October 6, 2009
I learn through the grapevine of the Internet, through the "average" person's horrified exclamations or a woman's own proud defiance, that there are women out there who are not hiding their beards. It could be feminist thing, or a cultural thing. Perhaps all removal methods have been exhausted, or maybe it's just simply an acceptance thing. I see it as an I'm-not-sorry-I'm-me thing. Regardless of the reason, they're out there, courageous.
Sometimes I wonder if anyone would count it against me that I shave my beard and try to help others select their hair removal methods, all the while trying to tell readers, bearded and unbearded, that it's okay to have facial hair. If I'm hiding it, doesn't that indicate shame?
Well, yeah. I'm embarrassed. I don't talk to people about it, outside of my mother, my doctor (and if it counts, the two friends I've mentioned it to once), and the similarly afflicted, determined and beautiful women I've met online. If I'm feeling down and I find that I can't hide my hair as well as I would like to, I'll call in sick, shut myself in the house and throw a glorious pity party. But considering the widely held standards of attractiveness, can any hirsute women be faulted for feeling ashamed?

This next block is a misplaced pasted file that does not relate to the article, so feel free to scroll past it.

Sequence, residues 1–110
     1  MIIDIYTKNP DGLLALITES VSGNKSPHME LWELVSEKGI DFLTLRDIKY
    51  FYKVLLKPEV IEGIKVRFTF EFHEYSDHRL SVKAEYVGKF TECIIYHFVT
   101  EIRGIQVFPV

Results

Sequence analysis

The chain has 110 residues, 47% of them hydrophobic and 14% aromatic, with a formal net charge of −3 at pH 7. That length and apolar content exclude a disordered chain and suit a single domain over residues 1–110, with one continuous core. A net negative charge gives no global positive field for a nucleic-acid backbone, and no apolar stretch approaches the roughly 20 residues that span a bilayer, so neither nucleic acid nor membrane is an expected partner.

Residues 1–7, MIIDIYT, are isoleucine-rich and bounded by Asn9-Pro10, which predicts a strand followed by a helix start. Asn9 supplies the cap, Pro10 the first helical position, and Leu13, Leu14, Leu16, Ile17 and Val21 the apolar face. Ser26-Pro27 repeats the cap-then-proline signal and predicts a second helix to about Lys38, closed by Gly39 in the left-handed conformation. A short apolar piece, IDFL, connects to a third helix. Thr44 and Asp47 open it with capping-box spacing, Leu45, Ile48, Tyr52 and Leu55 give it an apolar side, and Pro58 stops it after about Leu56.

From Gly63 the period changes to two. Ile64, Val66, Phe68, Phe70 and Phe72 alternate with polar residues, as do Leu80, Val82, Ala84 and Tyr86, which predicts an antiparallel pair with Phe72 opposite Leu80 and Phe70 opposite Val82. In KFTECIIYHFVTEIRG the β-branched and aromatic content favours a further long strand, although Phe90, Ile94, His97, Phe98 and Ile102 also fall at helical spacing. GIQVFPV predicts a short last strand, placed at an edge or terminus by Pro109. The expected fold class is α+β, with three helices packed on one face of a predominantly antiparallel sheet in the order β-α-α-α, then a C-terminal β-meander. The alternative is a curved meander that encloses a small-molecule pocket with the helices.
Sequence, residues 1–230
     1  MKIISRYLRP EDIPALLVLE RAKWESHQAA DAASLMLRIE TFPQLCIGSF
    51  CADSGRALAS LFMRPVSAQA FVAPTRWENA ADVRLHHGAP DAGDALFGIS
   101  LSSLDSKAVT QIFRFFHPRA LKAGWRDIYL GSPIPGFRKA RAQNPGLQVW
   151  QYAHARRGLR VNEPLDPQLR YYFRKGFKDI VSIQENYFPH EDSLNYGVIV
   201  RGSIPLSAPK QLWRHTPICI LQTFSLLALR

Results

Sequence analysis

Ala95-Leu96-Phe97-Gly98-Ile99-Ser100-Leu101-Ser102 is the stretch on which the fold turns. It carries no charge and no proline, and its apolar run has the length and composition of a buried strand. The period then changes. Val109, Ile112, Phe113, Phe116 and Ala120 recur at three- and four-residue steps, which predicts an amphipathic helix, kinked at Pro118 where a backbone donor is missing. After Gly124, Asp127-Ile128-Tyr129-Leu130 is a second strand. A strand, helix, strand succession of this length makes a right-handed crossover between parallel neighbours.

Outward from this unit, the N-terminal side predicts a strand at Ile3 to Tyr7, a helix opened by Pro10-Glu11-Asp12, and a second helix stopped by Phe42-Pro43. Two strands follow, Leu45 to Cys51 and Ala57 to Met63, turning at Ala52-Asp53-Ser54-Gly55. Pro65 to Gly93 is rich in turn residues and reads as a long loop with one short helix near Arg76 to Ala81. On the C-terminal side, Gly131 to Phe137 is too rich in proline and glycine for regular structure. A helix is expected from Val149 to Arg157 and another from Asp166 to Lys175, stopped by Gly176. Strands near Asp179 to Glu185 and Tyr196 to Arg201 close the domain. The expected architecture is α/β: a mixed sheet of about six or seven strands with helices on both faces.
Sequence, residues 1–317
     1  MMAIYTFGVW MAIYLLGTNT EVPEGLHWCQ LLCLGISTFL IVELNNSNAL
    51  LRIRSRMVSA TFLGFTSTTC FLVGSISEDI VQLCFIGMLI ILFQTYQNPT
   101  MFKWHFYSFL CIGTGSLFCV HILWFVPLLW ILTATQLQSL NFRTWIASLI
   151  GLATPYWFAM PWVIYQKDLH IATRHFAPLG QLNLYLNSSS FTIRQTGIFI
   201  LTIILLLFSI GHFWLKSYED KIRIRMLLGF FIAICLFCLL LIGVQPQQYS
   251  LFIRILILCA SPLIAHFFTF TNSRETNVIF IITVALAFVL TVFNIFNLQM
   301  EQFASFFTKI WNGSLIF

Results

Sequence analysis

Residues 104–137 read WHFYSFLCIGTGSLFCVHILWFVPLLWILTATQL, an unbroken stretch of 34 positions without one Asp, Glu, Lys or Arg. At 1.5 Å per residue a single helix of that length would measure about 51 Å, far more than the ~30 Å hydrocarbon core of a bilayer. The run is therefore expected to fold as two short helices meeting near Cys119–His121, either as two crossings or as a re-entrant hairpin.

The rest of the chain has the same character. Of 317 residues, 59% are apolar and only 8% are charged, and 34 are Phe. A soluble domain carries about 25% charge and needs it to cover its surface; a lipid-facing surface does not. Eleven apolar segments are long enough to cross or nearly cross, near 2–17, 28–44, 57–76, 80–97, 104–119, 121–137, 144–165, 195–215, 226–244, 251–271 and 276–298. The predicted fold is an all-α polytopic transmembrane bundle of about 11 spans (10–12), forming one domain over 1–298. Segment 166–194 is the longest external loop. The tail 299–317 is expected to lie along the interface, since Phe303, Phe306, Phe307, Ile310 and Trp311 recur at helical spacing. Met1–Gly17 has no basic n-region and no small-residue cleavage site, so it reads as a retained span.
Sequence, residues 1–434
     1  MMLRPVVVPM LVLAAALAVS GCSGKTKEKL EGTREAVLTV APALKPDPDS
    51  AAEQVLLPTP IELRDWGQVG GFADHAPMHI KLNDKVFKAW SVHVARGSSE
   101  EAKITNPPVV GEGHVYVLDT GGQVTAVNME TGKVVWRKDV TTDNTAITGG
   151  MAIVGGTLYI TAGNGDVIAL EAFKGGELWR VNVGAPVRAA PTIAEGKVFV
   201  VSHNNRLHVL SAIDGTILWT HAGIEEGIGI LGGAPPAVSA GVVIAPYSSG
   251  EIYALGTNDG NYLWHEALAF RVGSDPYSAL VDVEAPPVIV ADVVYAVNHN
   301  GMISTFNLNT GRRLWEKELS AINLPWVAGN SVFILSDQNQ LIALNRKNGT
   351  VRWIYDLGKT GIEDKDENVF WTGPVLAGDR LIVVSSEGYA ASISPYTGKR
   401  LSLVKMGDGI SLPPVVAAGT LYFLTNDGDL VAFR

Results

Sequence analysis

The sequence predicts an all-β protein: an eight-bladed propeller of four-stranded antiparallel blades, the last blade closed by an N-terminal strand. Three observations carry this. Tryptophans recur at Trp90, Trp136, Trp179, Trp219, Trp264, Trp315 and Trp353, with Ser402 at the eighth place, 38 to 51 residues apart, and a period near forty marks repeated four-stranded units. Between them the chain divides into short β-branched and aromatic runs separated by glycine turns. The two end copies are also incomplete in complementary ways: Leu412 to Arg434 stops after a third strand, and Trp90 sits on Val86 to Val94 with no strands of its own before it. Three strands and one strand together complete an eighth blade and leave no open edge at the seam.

My goal is not to advocate the way we should present our bodies. That's every person's individual choice. What I want is to share and explore, and make other women see that they're not alone. I hope that the more comfortable we become thinking about it and talking about it, the easier it will be to live with hirsutism--or for those who don't have it, the easier it will be to not even see the hirsutism. Whether a woman wants to hide it or show it, we all have no choice but to wear it, so accepting it is probably what we need to work on.
Am I the only one who's wondered what they'd look like if they grew out their beard, though? I'd need an extended leave from work to find out, because I certainly wouldn't be comfortable wearing it out in public. But you know, some people do that sort of thing as a marathon for charity, or to nurture solidarity--hockey playoffs, the final push to the end of a big project and soforth. I'm trying to see myself at full bushiness and it makes me giggle. It would have to be one heck of a project.